City Council to Vote on Permanent Parks Smoking Ban
The Austin City Council is scheduled to vote today on an ordinance to permanently ban smoking at all city parks. That includes athletic fields, nature preserves and swimming pools. Golf courses would be exempt from the ban. There could also be exemptions for some special events. The proposed ordinance includes several reasons for the ban including:
Tobacco related litter is the most common form of litter and over 40,000 cigarette butts have been collected from 39 Parks and Recreation Department sites this year. Cigarettes also pose a significant fire risk. According to the Austin Fire Department, 9 out of 10 fires along our roadways are caused by cigarettes and at least 25% of all wildfires have been caused by cigarettes.
Tobacco use is the number one cause of death and disability in Austin and Travis County. By restricting smoking in City parks, the Department is protecting the health, safety and welfare of community members
Smoking in city parks is prohibited right now because of a city-issued burn ban still in effect. But if this ordinance is passed, smoking would not be allowed at parks even after the burn ban is lifted.
While we're talking about parks, KUT's Matt Largey reported during Morning Edition, on the struggle state parks officials are having in funding state parks. Texas Parks & Wildlife says it needs more than $4 million to keep parks running.
TCEQ Approves Plan that Could Cut Off Water for Farmers
Rice farmers in southeast Texas may have their water supply cut back, or cut off, if drought conditions don't improve. The Texas Commission on Environmental Quality has approved a plan from the Lower Colorado River Authority to cut off or reduce water from the Highland Lakes to farmers downstream, if lake levels don't improve significantly by March.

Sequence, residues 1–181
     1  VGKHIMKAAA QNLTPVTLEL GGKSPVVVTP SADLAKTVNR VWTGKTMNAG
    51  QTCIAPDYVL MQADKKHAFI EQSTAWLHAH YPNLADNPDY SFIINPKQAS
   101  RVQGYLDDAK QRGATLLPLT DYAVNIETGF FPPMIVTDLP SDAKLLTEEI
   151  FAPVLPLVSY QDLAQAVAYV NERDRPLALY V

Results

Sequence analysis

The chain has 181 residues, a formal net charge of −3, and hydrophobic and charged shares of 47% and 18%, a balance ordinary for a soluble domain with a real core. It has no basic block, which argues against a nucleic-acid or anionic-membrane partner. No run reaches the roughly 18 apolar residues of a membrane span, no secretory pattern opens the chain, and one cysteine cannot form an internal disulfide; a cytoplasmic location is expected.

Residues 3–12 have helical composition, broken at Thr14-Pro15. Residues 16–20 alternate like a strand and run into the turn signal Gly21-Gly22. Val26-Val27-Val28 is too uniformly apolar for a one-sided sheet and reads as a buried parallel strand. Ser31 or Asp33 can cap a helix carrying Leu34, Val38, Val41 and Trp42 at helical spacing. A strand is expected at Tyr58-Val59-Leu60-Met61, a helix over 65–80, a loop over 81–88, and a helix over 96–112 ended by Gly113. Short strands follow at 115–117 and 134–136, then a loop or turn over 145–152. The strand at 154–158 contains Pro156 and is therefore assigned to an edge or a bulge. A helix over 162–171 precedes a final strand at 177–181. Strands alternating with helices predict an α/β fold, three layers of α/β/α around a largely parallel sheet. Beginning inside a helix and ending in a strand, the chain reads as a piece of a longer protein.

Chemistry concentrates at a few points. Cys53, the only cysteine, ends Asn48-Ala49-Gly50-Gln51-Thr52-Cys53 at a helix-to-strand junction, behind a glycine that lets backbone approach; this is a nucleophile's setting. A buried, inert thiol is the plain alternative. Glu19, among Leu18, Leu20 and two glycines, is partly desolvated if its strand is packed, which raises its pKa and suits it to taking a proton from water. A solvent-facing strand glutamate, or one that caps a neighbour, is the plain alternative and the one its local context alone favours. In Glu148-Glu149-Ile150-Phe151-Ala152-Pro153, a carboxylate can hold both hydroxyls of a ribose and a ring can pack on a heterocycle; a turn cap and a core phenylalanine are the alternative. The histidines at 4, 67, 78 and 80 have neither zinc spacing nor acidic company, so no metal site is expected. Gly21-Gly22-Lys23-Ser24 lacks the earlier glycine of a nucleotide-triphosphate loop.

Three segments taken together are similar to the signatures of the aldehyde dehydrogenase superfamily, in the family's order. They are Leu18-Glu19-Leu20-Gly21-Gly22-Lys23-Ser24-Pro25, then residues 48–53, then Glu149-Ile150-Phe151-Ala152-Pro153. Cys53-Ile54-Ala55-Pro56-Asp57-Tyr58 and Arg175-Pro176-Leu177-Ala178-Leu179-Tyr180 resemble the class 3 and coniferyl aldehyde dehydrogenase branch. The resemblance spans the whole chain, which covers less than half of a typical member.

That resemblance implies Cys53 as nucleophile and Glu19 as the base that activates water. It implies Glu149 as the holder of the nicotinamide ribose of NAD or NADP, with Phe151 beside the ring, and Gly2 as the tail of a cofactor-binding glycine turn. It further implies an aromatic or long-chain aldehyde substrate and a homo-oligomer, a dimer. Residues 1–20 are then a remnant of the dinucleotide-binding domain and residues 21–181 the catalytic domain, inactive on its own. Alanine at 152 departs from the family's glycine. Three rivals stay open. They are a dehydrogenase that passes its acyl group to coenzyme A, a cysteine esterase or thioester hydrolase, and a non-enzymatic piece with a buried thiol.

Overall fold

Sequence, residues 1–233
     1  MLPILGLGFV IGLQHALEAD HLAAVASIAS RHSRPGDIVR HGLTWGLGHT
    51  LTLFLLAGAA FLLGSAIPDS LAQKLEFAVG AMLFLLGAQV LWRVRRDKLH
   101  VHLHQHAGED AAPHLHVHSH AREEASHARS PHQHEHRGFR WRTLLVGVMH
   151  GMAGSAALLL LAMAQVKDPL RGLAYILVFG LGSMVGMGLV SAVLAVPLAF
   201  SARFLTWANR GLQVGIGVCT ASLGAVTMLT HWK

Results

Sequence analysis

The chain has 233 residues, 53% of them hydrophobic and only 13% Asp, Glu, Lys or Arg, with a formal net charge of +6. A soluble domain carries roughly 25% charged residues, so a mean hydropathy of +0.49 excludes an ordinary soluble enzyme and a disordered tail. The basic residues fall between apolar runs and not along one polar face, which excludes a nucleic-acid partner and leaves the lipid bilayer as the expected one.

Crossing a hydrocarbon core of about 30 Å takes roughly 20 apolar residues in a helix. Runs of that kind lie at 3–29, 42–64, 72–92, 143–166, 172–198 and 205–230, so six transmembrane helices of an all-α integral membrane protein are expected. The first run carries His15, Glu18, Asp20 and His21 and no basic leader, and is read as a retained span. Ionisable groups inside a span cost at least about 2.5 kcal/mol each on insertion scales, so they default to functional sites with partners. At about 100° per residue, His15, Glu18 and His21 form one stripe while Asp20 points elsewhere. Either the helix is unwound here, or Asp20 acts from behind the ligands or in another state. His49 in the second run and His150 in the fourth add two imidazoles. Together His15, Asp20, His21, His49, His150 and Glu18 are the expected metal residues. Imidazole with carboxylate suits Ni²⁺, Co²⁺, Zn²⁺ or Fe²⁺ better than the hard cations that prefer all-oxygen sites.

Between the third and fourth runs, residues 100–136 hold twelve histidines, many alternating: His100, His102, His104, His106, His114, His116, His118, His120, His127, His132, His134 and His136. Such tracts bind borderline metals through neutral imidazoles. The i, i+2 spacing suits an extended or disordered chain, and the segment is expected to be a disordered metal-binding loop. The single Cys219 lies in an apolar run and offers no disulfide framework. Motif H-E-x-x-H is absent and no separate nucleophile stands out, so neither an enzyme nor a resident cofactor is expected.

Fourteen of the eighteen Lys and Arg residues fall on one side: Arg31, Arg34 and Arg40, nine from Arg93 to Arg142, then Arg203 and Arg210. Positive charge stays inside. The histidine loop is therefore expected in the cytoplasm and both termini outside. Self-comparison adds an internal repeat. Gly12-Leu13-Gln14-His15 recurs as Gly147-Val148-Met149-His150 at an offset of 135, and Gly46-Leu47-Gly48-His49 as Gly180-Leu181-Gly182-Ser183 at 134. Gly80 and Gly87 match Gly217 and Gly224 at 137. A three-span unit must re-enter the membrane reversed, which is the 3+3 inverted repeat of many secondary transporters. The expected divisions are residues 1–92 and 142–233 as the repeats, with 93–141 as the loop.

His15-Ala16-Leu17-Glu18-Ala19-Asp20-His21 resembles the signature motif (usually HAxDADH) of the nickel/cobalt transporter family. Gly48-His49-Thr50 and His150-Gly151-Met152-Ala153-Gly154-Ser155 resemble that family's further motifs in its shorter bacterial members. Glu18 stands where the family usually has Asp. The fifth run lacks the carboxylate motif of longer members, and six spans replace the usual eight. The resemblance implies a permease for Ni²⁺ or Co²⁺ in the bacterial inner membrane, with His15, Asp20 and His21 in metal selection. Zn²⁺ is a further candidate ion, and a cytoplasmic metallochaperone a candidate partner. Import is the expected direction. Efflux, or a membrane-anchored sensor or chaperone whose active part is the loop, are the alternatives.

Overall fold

The LCRA says it's trying to protect tight water supplies for its industrial and municipal customers such as the City of Austin.
FBI Investigating Austin Police Shooting
Update 12:50 p.m.:
An FBI spokesman told KUT he misreported the information below– and the agency is issuing a correction - it is NOT investigating the officer-involved shooting death of Byron Carter, Jr.
The Austin-American Statesman reports FBI agents are looking into an officer-involved shooting that happened in May. Police say Officer Nathan Wagner shot a passenger in a car that had charged toward another police officer, injuring him. The Statesman reports:
FBI agents alerted police about their interest in late October, shortly after the Travis County medical examiner's office released a report saying that 20-year-old Byron Carter Jr. had been shot four times, including once in the head.
[Police Chief Art] Acevedo said FBI agents have said that they almost always do a preliminary review of fatal police shootings and then decide whether to open a more formal investigation.
A Travis County grand jury has not reviewed this case. Chief Acevedo has not announced whether Officer Wagner will face any disciplinary action.